Sunday, October 10, 2010
Eating Egypt: Day 6 - Touk and Cairo
(Touk, featuring skinned camel carcasses; photo by Dan)
On Day Six of our Egypt trip, we hooked up with Casual Cairo Detours, a private tour company that had been recommended to me. Proprietor Debbie Senters suggested we try an off-the-beaten-path trip for two (with guide and driver) up the Alexandria Green Road (the Agricultural Road) into a nearby Nile Delta village and orange grove, which sounded unusual and fun. We decided to go for it!
(photo by Dan)
1. The day started with another hotel buffet breakfast, of course, featuring various things, including Dan's masterfully spiced plate of ful.
(Touk; photo by Dan)
In the village of Touk, our driver, Tarek, stopped to buy eggs. We happened to be parked in the butchery district, and were surrounded by carcasses (marked in red ink for some governmental reason) and knives. Dan got out to take some pictures, for which he was eventually chastised. When Tarek got back to the car to translate (Tarek is from Touk), he told us that the man yelling at Dan was upset because things were dirty and he was embarrased that Dan would be taking pictures of dirty things. But our purpose wasn't to embarrass the people of Egypt or Touk, of course. We just thought everything looked cool.
We stopped in Touk to transfer our party of four to sidecar motorcycle taxi. You might be surprised at the number of people who can fit on and in one of these things! The man pictured here is our taxi driver (not Tarek, our tour driver).
I really enjoyed the open-air ride through the orange grove (and local cemetery).
(Dan; our guide, Jim; and Tarek)
(photo by Dan)
Eventually, we dismounted from our taxi and walked down one of the orange grove rows. The smell of citrus in the air, even at the end of the busy season, was incredible. Tarek carried a cooler and gave us a guided tour (the grove we were in belongs to his family). He talked to us about the farm life, the village, methods of irrigation, and more.
2. We stopped outside of a guard hut (shown above) and had a picnic snack of fresh-picked fruit, juices and water.
(canal in the grove; not used for irrigation)
Tarek was so nice -- he picked 2-3 different kinds of oranges for us to try, and when I mentioned how much I had enjoyed my taste of Omar's tangerine juice at Arabesque, he even found one of the last tangerines growing nearby for me to eat.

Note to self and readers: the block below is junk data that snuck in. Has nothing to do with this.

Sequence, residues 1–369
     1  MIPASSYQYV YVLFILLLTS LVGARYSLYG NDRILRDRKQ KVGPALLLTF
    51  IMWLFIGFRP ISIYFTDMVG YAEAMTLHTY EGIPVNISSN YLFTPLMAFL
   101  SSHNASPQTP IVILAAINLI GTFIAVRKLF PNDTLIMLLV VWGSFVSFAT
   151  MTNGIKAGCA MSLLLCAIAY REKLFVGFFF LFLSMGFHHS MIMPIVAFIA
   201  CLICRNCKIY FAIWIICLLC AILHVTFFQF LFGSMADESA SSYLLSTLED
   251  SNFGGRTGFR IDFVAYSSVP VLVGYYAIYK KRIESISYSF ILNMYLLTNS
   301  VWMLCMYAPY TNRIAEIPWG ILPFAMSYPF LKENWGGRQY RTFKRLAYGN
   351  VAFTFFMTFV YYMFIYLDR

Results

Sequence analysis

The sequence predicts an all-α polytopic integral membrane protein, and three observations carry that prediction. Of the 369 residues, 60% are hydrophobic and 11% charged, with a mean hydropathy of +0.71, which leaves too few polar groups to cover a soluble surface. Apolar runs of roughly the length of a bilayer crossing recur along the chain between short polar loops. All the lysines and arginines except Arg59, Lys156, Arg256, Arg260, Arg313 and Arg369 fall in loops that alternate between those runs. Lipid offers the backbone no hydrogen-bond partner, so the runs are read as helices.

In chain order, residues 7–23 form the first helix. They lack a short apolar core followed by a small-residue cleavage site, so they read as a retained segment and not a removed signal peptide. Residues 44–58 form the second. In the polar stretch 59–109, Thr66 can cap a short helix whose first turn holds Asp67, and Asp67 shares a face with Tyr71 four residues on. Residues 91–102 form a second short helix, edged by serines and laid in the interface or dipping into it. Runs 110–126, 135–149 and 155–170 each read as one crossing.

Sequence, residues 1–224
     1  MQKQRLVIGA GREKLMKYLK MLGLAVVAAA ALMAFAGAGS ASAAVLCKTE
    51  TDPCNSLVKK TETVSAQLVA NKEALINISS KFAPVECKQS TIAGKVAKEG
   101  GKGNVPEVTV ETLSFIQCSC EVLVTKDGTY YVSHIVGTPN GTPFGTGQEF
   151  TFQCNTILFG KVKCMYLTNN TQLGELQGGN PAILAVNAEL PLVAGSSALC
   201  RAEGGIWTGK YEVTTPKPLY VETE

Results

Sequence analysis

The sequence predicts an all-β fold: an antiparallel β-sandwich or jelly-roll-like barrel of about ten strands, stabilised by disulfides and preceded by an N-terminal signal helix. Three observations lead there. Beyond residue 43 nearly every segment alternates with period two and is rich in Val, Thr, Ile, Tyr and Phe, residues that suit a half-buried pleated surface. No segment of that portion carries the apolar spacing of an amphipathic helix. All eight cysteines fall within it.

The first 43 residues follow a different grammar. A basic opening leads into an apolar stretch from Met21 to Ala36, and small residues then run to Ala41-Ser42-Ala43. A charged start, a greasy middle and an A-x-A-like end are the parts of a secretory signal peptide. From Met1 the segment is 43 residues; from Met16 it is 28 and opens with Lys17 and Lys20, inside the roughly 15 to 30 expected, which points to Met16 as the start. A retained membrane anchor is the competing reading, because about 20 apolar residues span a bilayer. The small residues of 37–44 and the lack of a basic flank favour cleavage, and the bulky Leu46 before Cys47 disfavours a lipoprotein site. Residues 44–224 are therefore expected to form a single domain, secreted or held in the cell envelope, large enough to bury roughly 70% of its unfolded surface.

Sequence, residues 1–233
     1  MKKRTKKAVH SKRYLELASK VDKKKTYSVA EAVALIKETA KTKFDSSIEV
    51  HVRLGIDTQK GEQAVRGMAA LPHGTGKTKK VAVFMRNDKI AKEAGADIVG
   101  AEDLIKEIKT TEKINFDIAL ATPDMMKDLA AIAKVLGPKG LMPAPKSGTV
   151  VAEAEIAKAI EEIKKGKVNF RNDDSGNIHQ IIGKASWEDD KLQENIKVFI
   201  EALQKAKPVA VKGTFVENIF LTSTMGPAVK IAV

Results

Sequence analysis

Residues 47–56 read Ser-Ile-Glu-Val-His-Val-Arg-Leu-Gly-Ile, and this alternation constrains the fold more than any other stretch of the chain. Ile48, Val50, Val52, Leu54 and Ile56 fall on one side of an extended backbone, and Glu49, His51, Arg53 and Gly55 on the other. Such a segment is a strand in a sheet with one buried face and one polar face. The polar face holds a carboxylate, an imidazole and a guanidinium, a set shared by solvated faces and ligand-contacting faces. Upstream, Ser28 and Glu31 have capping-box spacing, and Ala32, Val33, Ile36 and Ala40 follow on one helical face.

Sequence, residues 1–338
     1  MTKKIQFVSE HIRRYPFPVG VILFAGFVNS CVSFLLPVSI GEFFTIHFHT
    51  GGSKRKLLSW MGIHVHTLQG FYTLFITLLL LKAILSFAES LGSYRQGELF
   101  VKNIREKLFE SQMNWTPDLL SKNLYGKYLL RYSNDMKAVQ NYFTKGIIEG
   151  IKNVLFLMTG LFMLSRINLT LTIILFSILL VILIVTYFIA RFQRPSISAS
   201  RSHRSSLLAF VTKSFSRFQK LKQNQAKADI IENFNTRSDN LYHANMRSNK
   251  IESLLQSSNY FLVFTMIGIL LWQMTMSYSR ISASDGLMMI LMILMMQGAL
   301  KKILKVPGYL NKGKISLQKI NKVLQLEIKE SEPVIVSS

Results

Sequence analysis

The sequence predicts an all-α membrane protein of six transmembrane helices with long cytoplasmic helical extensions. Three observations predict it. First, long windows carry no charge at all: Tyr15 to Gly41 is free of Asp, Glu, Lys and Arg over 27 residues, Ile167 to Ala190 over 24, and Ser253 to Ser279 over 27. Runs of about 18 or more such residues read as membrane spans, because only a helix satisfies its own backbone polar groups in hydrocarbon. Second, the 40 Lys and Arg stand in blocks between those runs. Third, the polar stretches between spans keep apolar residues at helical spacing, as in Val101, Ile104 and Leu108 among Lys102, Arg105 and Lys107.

Tarek, Jim, and the taxi driver insisted Dan try driving the motorcycle taxi. I was glad to skip this initiation.
After we left the grove, we drove to a nearby restaurant for lunch, passing several "charcoal factories."
While our food was being prepared at Baraka, a newly opened restaurant owned by Debbie's sister's driver (or something like that!), we sat outside by a river and watched the birds. I had a very strong cup of mint shai. I liked Dan's canned peach drink (with pieces of fruit in it) better.
3. Baraka (location unknown; outside Touk and Cairo) -- Jim, our guide, who is an American (if I remember correctly) who has lived in Egypt for years, is a vegetarian. A vegetarian can eat quite well in Egypt, as the meals all come with many breads, dips, and vegetable dishes, but now that meat is more affordable in Egypt (Jim told us), Egyptians eat a lot of meat and don't understand why people would choose not to. It can be difficult to make an Egyptian host feel he or she has fed you well if you opt out of the meat, apparently. Eventually, though, we were able to get across that Jim would enjoy the mezzes and the rest of us would partake in the mystery meats.
The mixed grill and kofta plate was served garnished with potato chips (cheese? BBQ?). Jim was given his own small plate of chips, once the waiters understood he wouldn't be eating the meat. This is the meal at which I think I might have eaten camel, as I read that it is sometimes served in this fashion. But I asked no questions.
We were seated near the grill on the restaurant's patio. It was fun to watch the food being prepared, and lovely to smell.
After eating, Tarek drove us back into Cairo.The whole tour was a gorgeous start to a day that was only half over.
4. Later that afternoon, on Adam's recommendation, Dan and I walked a few blocks from our hotel to buy some cheesecake from "Pumpkin," a cake store. It wasn't particularly special. I think it's a chain establishment. But the cakes looked nice.
(photo by Dan)
That night, Adam and Omar took us to Khan el Khalili market, a famous draw for tourists in Cairo. We didn't buy much. It almost felt like cheating to have two native speakers of Egyptian Arabic with us, but I'm glad we couldn't be taken advantage of by the shop owners.
5. Adam and Omar helped us find Naguib Mahfouz Café, named after the famous writer.
They recommended the hibiscus drink. It was amazing - halfway between juice and tea. They also recommended I order a shrimp sandwich (tiny shrimps stuffed in a pita with a tangy sauce), which was out of sight.
6. We ended Day Six on the outskirts of the market, where Adam suggested we try fatir, an Egyptian pancake served savory or sweet. He hadn't been wrong so far. Needing dessert, Dan and I split a large, sweet pancake. It was sort of crepe-like and covered in powdered sugar. Decadent food for a decadent setting. I was pretty happy, as you might well imagine.